Dogs are from Mars, Cats are from Venus
Parrots are from the Wild Blue Yonder
While our domestic cats and dogs all fall within the same biological species classifications (our cats within the species Felis catus, and our dogs within the species Lupus familiaris), parrots fall within the order Psittaciformes and then diverge into 300-400 unique species. We are inclined to think of different kinds of parrots as different “breeds” of parrots, much as we do dogs and cats, but that is not the case. Each “breed” of parrot is a distinctly different species of bird, incapable of reproducing fertile offspring when hybridized with other species of parrots, and manifesting not only vastly different physical characteristics, but also very different behavioral traits. The broad order Psittaciformes includes the tiniest Parakeet and the largest Macaw, the meekest Pionus and the cheekiest Cockatoo, all wonderfully different types of birds, and each type diverging into different species.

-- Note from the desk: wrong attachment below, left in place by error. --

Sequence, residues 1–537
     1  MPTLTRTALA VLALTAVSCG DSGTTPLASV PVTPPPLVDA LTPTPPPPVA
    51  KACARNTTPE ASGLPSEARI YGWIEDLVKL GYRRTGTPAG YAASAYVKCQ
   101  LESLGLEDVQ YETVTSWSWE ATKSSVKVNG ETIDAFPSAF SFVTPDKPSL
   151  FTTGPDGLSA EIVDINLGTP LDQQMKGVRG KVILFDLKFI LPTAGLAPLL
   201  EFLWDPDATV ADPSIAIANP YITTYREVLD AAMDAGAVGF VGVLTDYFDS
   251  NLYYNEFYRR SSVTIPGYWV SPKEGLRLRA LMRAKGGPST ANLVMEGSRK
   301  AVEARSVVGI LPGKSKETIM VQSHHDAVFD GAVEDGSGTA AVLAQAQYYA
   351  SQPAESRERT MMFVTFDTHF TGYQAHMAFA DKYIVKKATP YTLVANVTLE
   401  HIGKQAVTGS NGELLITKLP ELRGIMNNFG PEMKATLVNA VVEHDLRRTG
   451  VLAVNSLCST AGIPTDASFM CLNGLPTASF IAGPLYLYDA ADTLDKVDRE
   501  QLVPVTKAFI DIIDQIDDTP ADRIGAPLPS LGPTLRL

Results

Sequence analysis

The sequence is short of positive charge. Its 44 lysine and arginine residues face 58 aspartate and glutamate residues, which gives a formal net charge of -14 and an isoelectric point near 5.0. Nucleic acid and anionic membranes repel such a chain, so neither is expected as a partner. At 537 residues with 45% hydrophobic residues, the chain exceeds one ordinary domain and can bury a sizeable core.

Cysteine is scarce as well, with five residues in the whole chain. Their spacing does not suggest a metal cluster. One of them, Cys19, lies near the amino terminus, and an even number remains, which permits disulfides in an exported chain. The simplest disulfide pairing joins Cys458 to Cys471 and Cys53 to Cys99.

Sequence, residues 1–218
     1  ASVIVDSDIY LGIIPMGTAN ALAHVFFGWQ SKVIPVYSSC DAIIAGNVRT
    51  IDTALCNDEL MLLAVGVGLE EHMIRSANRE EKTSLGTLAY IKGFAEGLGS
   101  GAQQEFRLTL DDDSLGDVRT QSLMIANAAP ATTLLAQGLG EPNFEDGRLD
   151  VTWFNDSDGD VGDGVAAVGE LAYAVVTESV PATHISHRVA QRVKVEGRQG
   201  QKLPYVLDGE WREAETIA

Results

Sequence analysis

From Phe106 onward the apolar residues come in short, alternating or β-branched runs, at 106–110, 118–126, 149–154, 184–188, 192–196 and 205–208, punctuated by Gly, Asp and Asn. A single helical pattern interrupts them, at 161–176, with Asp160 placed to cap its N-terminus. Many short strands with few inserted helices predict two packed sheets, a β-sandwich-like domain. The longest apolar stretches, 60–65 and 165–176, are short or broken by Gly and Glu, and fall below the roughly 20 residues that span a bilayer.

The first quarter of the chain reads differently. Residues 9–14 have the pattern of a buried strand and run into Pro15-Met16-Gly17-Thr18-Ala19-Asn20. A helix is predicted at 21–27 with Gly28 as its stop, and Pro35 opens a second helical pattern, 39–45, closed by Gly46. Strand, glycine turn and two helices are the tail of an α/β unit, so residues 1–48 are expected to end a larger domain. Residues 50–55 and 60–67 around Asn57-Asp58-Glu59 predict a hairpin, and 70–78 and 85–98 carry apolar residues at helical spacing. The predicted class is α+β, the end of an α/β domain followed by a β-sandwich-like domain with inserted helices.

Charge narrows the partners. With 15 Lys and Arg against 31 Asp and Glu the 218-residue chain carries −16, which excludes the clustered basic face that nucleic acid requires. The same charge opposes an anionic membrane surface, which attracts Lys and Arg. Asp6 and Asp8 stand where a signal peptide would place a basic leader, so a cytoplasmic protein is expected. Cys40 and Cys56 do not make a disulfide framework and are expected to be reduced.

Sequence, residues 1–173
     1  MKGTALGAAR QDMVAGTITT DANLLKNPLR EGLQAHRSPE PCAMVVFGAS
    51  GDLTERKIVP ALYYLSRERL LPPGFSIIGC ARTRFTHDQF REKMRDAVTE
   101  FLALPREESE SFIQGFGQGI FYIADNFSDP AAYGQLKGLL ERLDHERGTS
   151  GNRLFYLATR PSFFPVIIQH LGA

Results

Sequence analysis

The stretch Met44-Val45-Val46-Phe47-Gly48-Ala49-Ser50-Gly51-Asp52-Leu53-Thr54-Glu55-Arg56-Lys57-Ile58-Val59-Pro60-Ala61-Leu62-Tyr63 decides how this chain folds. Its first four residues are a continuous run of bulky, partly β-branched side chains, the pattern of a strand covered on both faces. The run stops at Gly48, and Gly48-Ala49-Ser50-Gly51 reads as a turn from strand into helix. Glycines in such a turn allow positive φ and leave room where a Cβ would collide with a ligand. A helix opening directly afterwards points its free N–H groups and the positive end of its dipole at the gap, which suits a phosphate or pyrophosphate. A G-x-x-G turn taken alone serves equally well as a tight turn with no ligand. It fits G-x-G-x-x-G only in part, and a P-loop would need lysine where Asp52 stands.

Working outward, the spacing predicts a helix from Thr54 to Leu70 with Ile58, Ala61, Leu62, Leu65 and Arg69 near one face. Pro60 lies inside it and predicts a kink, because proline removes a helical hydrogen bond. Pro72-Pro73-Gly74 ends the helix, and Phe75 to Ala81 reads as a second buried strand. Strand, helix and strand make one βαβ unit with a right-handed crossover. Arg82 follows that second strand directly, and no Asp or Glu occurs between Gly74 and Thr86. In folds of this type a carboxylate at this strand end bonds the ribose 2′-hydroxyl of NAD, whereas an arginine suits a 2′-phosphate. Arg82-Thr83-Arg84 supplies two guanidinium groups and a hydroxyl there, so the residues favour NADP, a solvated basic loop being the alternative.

But as important as individual species characteristics may be in selecting the right parrot companion, the most important consideration for any prospective parrot owner is that, unlike our pet dogs and cats, parrots are not domesticated animals. All parrots, regardless of species, origin, or degree of tameness, are captive undomesticated creatures of high intelligence and great emotional sensitivity, with specialized nutritional needs and a physiology that demands specialized veterinary care.
It’s important to remember that a parrot, as an undomesticated creature, does not come to us seeking to fit in. It takes a great deal of patience and sensitivity to build a joyful relationship with a parrot. It takes a very special kind of person to nurture a parrot, and the bigger the bird, the greater the challenges.
Tune in for more about parrots during the coming weeks…